Psychology for Lawyers

understanding ourselves
the unconscious realm


"Is there anything more urgent or important than the realization that there is within us a repressed, shadowy element, hidden and unresolved, which lives and weaves its plots quite independently of our own will?"

--Jolande Jacobi, Masks of the Soul 20 (Grand Rapids, Michigan: William B. Eerdmans Publ., 1976)(Ean Begg transl.)

"The tremendous value of the work of C.G. Jung is that he has developed specific methods and tools with which to understand and amplify the dimension of reality which comes to us from beneath the conscious threshold."

--Ira Progoff, Jung's Psychology and Its Social Meaning xvi (New York: Grove Press, 1953)

"The remarkable potency of unconscious contents . . . always indicates a corresponding weakness in the conscious mind nd its functions. It is as though the latter were threatened with impotence. For primitive man this danger is one of the most terrifying instances of 'magic.' So we can understand why this secret fear is also to be found among civilized people. In serious cases it is the secret fear of going mad; in less serious, the fear of the unconscious—a fear which even the normal person exhibits in his resistance to psychological views and explanations. This resistance borders on the grotesque when it comes to scouting all psychological explanations of art, philosophy, and religion, as though the human psyche had, or should have, absolutely nothing to do with these things. The doctor knows these well-defended zones from his consulting hours: they are reminiscent of island fortresses from which the neurotic tries to ward off the octopus. ('Happy neurosis island,' as one of my patients called his conscious state!) The doctor is well aware that the patient needs an island and would be lost without it. It serves as a refuge for his consciousness and as the last stronghold against the threatening embrace of the unconscious. The same is true of the normal person’s taboo regions which psychology must not touch. But since no war was ever won on the defensive, one must, in order to terminate hostilities, open negotiations with the enemy and see what his terms really are. Such is the intention of the doctor who volunteers to act as a mediator. He is far from wishing to disturb the somewhat precarious island idyll or pull down the fortifications. On the contrary, he is thankful that somewhere a firm foothold exists that does not first have to be fished up out of the chaos, always a desperately difficult task. He knows that the island is a bit cramped and that life on it is pretty meager and plagued with all sorts of imaginary wants because too much life has been left outside, and that as a result a terrifying monster is created, or rather is roused out of its slumbers. He also knows that this seemingly alarming animal stands in a secret compensatory relationship to the island and could supply everything that the island lacks."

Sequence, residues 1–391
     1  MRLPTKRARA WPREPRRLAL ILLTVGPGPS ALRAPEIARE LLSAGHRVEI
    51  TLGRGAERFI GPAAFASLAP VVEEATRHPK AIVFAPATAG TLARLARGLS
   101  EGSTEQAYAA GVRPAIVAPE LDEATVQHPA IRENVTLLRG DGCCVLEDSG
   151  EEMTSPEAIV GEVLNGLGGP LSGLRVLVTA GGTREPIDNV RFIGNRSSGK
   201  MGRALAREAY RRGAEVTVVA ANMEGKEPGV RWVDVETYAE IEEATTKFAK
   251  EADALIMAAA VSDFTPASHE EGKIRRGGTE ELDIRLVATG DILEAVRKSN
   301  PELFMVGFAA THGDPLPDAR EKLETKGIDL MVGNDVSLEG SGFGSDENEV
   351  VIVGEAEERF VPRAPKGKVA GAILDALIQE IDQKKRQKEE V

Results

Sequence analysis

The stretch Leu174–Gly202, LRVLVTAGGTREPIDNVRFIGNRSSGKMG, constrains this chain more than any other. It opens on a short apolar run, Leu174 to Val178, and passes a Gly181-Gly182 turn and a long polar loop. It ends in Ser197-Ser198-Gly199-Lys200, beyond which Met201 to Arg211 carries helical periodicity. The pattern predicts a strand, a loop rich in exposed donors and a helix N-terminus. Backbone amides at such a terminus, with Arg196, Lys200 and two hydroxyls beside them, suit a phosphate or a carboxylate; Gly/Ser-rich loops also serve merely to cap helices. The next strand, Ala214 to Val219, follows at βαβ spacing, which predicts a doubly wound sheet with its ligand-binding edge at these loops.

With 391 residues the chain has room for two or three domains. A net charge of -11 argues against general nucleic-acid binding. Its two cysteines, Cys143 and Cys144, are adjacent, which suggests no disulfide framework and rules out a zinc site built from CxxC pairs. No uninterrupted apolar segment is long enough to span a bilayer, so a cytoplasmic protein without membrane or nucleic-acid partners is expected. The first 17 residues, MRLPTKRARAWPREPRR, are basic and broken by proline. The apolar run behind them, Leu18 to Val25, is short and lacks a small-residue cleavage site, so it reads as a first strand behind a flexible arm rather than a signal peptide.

--C.G. Jung, The Psychology of Transference (1946), in Collected Works: The Practice of Psychotherapy (vol. 16), 163-323, at 181

"[W]e have merely begun to apprehend the significance, scope, and impact of the unconscious. It still sits beneath, before, and around us—or more accurately, we are immersed in it—as a profound mystery, the boundaries, effects, and implications of which we have only begun to fathom."

--Jeffrey C. Miller, The Transcendent Function: Jung's Model of Psychological Growth through Dialogue with the Unconscious 2 (Albany, New York: State University of New York Press, 2004)

"What we see, and what we seem is not the whole truth. Our knowledge is not reliable; it is partial and undermined by the fact that the unconscious has a separate truth dimension, of which we are mostly oblivious. Ironically, the deeper truth resides in what we habitually dismiss as illusion, fantasy, myth and distortion."

--David Tacey, How To Read Jung 15 (New York: W.W. Norton & Co., First American ed., 2007)


Harry T. Hunt, A Collective Unconscious Reconsidered: Jung's Archetypal Imagaination in the Light of Contemporary Psychology and Social Science, 57 J. Analytical Psychology 76 (2012) [online text]

Reference (Videos)

Power of the Unconscious Mind
[4:48 mins.] [Dr. Emmett Miller]

The Dynamics of the Psyche: Conscious & Unconscious
[10:48 mins.]

Dreams: A Jungian Perspective
[8:59 mins.] [Murray Stein]

The Real You
[3:58 mins.] [Alan Watts]

The Unconscious Mind Unveiled
[15:00 mins.]

Why We Do What We Do
[22:31 mins.] [TED Talk] [Tony Robbins discusses the "invisible forces" that make us do what we do.]

Understanding How Our Minds Work Unconsciously
[55:15 mins.] Pt. 2 [D. Anthony Greenwald, social psychology professor at the University of Washington, describes his research on unconscious mental content, how the unconscious mental content affects our behavior]

Sigmund Freud: The Conscious and the Unconscious
[30:02 mins.] [reading from Sigmund Freud's Dream Psychology, ch.9]

Charles Tart: Self Observation
[10:50 mins.]

Reference (Observations of C.G. Jung)

C.G. Jung on the Unconscious



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